When MedMen Enterprises (NASDAQOTH: MMNFF) announced its quarterly results in February, there was good news. Revenue skyrocketed by 864.5% to $29.9 million. However, the company has had plenty of bad news in 2019. The stock is down 17% year to date, making it one of the worst-performing pot stocks on the market so far this year.
But MedMen had an opportunity to change its story with the company providing its fiscal 2019 third-quarter update after the market closed on Wednesday. How did MedMen fare? Here's what you need to know about the company's Q3 results.
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By the numbers
MedMen reported revenue in the third quarter of $36.6 million. This showing reflected a whopping 156% jump over the prior-year period and a 22% increase from the previous quarter. However, the company's revenue came in well below the consensus Wall Street estimate of $49.2 million.
The company announced a GAAP net loss of $23.7 million, or $0.20 per share, in the third quarter. This represented a worsening from the net loss of $18.4 million, or $0.83 per share, reported in the same quarter of 2018.
MedMen ended the third quarter with cash, cash equivalents, and short-term investments of $21.9 million. This showing reflected an increase from the $15.7 million on hand as of March 31, 2018.
Behind the numbers
California continued to be the primary focus for MedMen in the third quarter. The company enjoyed a 7% market share in the state. MedMen's California revenue increased by 5% over the previous quarter to $24.9 million.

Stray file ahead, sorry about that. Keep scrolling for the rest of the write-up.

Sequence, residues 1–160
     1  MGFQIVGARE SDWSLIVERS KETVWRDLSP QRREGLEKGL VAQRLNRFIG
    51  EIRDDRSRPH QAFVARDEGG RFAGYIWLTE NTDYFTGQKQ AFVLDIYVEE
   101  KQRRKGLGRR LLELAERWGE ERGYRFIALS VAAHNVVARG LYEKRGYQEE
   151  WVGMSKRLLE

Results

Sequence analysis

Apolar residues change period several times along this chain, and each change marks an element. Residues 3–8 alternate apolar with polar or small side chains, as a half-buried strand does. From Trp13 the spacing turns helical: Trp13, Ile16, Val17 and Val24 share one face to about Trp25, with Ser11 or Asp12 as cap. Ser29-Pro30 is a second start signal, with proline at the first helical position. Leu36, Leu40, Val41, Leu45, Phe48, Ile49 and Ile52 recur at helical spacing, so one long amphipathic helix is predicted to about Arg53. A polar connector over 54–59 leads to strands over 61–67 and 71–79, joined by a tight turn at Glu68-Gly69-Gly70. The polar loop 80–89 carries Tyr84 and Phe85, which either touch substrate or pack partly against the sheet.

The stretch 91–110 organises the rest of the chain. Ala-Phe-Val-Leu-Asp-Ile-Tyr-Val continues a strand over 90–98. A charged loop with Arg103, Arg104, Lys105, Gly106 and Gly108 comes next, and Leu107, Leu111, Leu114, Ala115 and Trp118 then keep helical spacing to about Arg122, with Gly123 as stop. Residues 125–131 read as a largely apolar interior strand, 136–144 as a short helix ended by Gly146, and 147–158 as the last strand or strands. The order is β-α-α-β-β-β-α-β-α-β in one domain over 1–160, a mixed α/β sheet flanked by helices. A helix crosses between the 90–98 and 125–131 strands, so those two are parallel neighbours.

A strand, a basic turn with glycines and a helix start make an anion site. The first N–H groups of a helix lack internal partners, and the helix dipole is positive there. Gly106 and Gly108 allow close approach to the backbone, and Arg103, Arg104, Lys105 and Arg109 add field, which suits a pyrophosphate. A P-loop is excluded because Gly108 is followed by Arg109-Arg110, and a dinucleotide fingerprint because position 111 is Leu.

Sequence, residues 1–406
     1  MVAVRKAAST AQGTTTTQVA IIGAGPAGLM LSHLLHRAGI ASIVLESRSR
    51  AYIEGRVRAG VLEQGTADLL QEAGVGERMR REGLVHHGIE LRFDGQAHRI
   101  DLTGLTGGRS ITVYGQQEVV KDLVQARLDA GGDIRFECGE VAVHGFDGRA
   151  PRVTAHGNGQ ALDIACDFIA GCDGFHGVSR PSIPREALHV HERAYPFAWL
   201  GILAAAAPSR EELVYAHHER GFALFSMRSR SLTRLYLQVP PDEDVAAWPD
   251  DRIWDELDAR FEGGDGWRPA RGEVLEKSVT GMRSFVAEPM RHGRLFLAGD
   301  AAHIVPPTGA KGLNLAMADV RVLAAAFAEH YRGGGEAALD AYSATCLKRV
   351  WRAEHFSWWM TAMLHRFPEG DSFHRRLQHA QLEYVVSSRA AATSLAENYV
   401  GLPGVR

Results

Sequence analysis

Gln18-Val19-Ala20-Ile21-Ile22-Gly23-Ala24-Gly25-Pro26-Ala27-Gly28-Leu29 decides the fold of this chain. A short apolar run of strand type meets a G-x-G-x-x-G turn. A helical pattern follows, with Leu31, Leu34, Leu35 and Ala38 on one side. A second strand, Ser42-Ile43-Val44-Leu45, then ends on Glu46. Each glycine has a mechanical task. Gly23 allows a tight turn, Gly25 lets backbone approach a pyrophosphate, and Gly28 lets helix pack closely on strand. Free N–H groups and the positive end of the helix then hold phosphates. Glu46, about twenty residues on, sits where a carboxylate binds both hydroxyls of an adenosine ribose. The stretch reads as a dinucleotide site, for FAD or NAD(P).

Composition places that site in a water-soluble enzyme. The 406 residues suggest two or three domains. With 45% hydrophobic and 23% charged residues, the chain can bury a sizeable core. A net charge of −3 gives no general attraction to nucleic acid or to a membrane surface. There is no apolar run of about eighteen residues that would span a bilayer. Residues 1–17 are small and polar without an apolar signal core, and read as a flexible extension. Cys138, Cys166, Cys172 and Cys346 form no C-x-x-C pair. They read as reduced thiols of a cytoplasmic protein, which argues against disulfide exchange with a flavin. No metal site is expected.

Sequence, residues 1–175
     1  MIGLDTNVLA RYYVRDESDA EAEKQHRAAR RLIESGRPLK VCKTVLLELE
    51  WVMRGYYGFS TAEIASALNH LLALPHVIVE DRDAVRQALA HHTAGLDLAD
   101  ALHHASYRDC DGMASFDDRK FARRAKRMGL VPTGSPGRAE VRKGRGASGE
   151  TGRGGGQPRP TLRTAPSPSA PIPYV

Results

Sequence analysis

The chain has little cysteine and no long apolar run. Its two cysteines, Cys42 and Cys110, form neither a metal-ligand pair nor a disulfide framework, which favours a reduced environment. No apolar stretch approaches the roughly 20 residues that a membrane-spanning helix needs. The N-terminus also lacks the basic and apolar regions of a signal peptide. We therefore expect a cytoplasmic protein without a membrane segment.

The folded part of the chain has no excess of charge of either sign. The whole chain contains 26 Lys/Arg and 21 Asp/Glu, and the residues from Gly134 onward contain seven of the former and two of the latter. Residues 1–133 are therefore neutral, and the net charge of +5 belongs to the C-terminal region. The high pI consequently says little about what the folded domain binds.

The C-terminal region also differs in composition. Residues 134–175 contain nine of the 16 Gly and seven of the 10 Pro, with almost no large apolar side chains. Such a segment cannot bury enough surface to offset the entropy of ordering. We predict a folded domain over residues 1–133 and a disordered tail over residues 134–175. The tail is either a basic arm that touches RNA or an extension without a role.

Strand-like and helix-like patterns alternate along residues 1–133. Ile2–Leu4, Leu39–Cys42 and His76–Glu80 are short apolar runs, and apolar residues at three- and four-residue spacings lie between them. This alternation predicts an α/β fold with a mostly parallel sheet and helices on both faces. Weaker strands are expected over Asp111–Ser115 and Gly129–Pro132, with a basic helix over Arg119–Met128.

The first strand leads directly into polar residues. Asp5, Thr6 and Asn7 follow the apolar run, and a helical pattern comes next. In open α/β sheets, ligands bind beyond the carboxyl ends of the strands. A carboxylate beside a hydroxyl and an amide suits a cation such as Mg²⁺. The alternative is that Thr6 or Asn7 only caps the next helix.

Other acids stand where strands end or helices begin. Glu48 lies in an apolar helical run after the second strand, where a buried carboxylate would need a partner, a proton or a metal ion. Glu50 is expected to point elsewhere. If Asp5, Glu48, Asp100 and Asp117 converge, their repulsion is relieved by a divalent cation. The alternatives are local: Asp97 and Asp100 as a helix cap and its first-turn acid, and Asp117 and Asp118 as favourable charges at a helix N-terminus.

But MedMen also saw strong growth in other states. The company particularly saw solid growth in Nevada, where overall retail revenue increased by 34% over the previous quarter. MedMen's retail cannabis store near the Las Vegas airport is now its No. 2 store in terms of sales performance.
MedMen's bottom line didn't look as great, though. Total expenses increased 243% year over year to nearly $79 million. This showing was driven from a growth in headcount and operating costs for retail stores in California, New York, Nevada, Arizona, and Illinois.
In addition to reporting its financial results, MedMen also provided an update on several other recent developments. The company has made several executive changes, including naming Ryan Lissack as its new chief technology officer and accepting the resignations of COO Ben Cook and Lisa Sergi, who served as MedMen's general counsel and was a member of its board of directors. Ben Rose also transitioned from chairman of the board to executive chairman to be more actively involved in the company's operations.
MedMen also slashed the compensation for its top two executives, CEO Adam Bierman and president Andrew Modlin. Both men agreed to accept annual salaries of $50,000.
MedMen's musical chairs in its upper ranks could result in some changes in strategy for the company. However, the company seems likely to keep forging ahead with its approach to expanding its retail presence in the United States.
In particular, MedMen still expects to open 15 new stores across the U.S. this year. Twelve of those are planned for Florida, a state where MedMen holds licenses for up to 35 locations.
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